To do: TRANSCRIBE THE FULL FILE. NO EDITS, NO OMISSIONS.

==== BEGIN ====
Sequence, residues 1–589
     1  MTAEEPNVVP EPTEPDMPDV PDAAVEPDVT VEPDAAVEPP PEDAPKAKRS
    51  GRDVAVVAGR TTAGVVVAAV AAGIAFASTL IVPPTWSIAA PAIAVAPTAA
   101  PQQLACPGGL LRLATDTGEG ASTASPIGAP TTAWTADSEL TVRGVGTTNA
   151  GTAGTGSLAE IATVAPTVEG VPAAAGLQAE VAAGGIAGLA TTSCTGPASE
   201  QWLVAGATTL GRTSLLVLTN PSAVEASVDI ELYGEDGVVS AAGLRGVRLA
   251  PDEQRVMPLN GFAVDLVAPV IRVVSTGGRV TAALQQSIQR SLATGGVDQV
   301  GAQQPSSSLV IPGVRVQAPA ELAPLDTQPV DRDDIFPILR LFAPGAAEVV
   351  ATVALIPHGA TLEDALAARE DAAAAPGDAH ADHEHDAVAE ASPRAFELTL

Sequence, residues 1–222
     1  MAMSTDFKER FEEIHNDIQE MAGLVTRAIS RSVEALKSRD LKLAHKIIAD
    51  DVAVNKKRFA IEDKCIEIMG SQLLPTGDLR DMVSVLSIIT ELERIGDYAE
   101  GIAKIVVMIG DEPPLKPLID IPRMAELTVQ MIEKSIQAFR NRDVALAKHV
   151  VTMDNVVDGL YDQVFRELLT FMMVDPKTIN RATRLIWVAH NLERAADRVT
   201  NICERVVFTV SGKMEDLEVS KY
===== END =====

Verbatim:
Sequence, residues 1–589
     1  MTAEEPNVVP EPTEPDMPDV PDAAVEPDVT VEPDAAVEPP PEDAPKAKRS
    51  GRDVAVVAGR TTAGVVVAAV AAGIAFASTL IVPPTWSIAA PAIAVAPTAA
   101  PQQLACPGGL LRLATDTGEG ASTASPIGAP TTAWTADSEL TVRGVGTTNA
   151  GTAGTGSLAE IATVAPTVEG VPAAAGLQAE VAAGGIAGLA TTSCTGPASE
   201  QWLVAGATTL GRTSLLVLTN PSAVEASVDI ELYGEDGVVS AAGLRGVRLA
   251  PDEQRVMPLN GFAVDLVAPV IRVVSTGGRV TAALQQSIQR SLATGGVDQV
   301  GAQQPSSSLV IPGVRVQAPA ELAPLDTQPV DRDDIFPILR LFAPGAAEVV
   351  ATVALIPHGA TLEDALAARE DAAAAPGDAH ADHEHDAVAE ASPRAFELTL

Sequence, residues 1–222
     1  MAMSTDFKER FEEIHNDIQE MAGLVTRAIS RSVEALKSRD LKLAHKIIAD
    51  DVAVNKKRFA IEDKCIEIMG SQLLPTGDLR DMVSVLSIIT ELERIGDYAE
   101  GIAKIVVMIG DEPPLKPLID IPRMAELTVQ MIEKSIQAFR NRDVALAKHV
   151  VTMDNVVDGL YDQVFRELLT FMMVDPKTIN RATRLIWVAH NLERAADRVT
   201  NICERVVFTV SGKMEDLEVS KY